Or serve the grilled asparagus cold on a spring salad with a little vinaigrette. Also great on pizza. The asparagus. Not the vinaigrette. Never tried a vinaigrette pizza. I assume it would be a bit soggy. 
Just my take on the subject.

Now for the pork. We are talking barbeque here, oven barbeque for those of us not fortunate enough to live near a great BBQ  place. Which is 95% of us. Or have a wood smoker, which cuts out another 50% or so.

Get yourself a whole pork shoulder. I know, it’s a lot of meat, but BBQ freezes beautifully in small packages, and then you can have it anytime you want, with no more effort than remembering to pull it out of the freezer.

Personally I would recommend a wild pig that your neighbor brought you in December and which you have butchered yourself and frozen. But I realize some of you might not be that fortunate.

 Especially those of you in cities. In that case, try and find a locally sourced pig. You will notice the difference, I assure you.

Rub the entire shoulder with a mixture of 3 parts kosher salt, two parts granulated onion, two parts granulated garlic, one part each black coarse ground pepper, smoked paprika, ground cumin and ground thyme. If you like spice add one part cayenne.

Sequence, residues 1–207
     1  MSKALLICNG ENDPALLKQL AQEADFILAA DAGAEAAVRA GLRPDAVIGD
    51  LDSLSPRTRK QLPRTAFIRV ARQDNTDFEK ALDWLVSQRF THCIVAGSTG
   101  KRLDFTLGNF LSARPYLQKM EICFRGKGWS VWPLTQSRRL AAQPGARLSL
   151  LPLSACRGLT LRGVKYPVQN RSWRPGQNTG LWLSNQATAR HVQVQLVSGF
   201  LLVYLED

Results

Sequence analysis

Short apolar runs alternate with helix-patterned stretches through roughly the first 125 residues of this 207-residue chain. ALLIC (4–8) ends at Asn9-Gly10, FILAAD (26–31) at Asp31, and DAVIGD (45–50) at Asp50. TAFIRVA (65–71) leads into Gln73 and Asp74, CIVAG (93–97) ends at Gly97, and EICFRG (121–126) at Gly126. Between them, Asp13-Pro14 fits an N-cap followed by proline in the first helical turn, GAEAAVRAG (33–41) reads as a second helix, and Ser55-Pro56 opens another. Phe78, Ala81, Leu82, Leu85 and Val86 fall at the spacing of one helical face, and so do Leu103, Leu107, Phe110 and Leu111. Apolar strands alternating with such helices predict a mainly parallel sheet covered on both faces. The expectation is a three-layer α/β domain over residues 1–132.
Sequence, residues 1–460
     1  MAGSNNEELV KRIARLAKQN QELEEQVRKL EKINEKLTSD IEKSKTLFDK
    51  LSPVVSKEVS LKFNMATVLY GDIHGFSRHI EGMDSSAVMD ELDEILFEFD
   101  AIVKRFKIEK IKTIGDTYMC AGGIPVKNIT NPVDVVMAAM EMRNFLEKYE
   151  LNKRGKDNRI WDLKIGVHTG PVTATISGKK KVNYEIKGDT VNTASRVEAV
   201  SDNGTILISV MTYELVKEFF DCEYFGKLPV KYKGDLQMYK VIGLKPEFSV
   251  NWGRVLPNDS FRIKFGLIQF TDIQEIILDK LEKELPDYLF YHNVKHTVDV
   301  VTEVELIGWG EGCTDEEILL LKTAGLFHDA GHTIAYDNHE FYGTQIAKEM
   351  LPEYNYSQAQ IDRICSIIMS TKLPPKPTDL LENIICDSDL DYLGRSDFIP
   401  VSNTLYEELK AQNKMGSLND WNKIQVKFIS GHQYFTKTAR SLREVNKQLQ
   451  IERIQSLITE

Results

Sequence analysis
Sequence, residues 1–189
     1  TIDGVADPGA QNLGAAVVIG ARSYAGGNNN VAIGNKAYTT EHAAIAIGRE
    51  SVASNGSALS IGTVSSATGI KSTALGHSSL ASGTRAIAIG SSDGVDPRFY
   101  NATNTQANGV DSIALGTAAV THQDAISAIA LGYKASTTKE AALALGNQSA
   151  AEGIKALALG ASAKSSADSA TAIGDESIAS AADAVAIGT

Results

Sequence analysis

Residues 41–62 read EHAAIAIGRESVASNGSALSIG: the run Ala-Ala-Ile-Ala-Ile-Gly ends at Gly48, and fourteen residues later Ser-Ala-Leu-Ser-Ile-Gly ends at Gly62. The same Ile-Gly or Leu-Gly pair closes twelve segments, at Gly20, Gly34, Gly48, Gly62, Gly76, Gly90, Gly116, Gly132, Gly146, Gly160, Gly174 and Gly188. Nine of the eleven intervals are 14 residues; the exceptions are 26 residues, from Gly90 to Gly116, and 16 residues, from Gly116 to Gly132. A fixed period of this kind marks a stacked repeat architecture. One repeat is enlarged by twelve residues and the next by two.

Put the shoulder in a pan and add 1 tsp. of liquid smoke, one dark beer, a splash of cider vinegar, and cover tightly. Put in a 300 degree oven for 4-5 hrs or until you can pull the meat off the bone. Uncover and cool.

(I remove most of the fat before I make my bbq. If you don’t, cook for at least an hour uncovered to get the fat cap crisp.) Be sure and watch during this time to make sure all the liquid doesn’t evaporate. Add water if necessary. You don’t want the stuff on the bottom to burn, or the meat to dry out.

Cool the shoulder in the pan overnight in the fridge. In the morning take the meat out and remove the fat that has congealed on the top of the liquid (which will now resemble jello)

Pull the meat off the bone, removing as much fat as you wish in the process.  Add to the stock in the bottom of the pan 2 T ketchup, 2 T mustard, and 2 T cider vinegar. Heat up the mix (if you want you can transfer the sauce beginnings to a saucepan at this point.

Taste the now liquid mixture after stirring thoroughly. 

Now, depending on your preference, if you like Memphis or Kansas City style, add honey, more ketchup or tomato paste till it tastes right. If you like South Carolina style, add mustard to taste. If, like me, you like a NC vinegar based sauce, add more vinegar. Add more salt and pepper to taste.

Now you can get creative if you want.  Add a flavored vinegar, or balsamic? Add that weird mustard your friend gave you for a present last year. Add Cajun spices. Whatever you want to make it taste the way you like it. The hell with everybody else.

This is YOUR Que.

Saturday, April 13, 2013

If you give a dog a walk . . .

Spring returned this morning after three crazy days of heat, and I was actually able to wait till after 8 a.m. to walk the dogs. Took the camera this time, so this shall be a rather pictorial blog. And yes, spellcheck thinks that’s a word, so it is.